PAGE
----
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Synthetic Bio Platform Finds Potential Superbug Antibiotic

Saccharomonospora bacteria

Scanning electron micrograph of Saccharomonospora bacteria (National Library of Medicine)

Researchers at University of California in San Diego created a process for cloning synthetic gene clusters from marine bacteria that generate molecules with therapeutic potential, and produced an antibiotic candidate to treat previously drug-resistant infections. The team led by UC-San Diego oceanography and pharmacy professor Bradley Moore, published its findings yesterday online in the journal Proceedings of the National Academy of Sciences (paid subscription required).

The university’s technology transfer office applied for patents on both the cloning process and the antibiotic generated by that process, with each disclosure listing Moore as the inventor.

The research team — with colleagues from UC-San Diego, JNC Corporation in Japan, and University of British Columbia in Canada — sought a method for capturing more of the specialized compounds that microorganisms can produce, but under lab conditions are often difficult to create. The problem is particularly acute, say the researchers, with ocean microorganisms that are difficult to grow or express all of their capabilities in the lab.

Moore and colleagues used a technique known as transformation-associated recombination that can isolate clusters of genes from complex genomes. The researchers adapted recombined gene clusters from yeast, by working with high-throughput sequencing to clone gene clusters from the marine Saccharomonospora bacteria.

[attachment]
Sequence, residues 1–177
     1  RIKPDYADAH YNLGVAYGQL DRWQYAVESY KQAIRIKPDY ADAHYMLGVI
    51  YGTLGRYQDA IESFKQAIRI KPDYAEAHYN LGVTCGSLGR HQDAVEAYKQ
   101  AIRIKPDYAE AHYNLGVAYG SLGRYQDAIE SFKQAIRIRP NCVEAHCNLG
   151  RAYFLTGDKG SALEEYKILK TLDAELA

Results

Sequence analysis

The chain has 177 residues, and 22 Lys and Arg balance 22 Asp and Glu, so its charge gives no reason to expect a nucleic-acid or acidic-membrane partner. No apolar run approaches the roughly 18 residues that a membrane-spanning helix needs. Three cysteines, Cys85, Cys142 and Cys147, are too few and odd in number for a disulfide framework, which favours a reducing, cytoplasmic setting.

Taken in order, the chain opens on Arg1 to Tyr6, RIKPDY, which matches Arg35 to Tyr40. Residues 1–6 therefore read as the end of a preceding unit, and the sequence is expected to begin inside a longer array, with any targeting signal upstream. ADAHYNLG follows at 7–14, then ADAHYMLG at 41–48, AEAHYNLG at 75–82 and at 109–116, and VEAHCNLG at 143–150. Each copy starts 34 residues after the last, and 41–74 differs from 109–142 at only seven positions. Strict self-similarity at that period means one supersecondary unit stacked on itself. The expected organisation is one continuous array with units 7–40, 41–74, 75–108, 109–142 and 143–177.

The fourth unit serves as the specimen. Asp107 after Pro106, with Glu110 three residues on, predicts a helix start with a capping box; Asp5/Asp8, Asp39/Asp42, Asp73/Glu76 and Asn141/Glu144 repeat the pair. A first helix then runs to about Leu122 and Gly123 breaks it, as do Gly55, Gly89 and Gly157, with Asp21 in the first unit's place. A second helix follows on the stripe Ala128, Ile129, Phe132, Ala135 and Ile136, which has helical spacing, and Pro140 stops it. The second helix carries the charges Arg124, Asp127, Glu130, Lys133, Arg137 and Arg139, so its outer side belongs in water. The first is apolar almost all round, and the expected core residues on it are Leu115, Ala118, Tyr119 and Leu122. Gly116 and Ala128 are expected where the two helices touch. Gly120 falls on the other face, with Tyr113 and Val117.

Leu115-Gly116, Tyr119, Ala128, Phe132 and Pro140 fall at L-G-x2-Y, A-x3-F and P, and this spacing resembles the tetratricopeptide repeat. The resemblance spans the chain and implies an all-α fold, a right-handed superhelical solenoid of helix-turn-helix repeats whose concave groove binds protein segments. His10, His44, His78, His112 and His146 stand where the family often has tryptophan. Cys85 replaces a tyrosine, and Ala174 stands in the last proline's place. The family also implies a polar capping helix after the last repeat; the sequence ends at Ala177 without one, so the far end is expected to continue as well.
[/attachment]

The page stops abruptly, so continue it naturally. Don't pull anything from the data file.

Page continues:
These synthesized gene clusters express a lipopeptide — a combination of lipid and peptide — with antibiotic properties the researchers call taromycin A. This antibiotic is chemically similar to the FDA-approved antibiotic daptomycin, marketed as Cubicin by Cubist Pharmaceuticals, a treatment for complicated Staphylococcus aureus infections including those from methicillin-resistant or MRSA bacteria.

The researchers believe the technology can open-up previously difficult to access biological pathways to generate new drug candidates. Moore says in a university statement, “the new synthetic biology technology we developed – which resulted in the discovery of a new antibiotic from a marine bacterium – is just the tip of the iceberg in terms of our ability to modernize the natural product drug discovery platform.”

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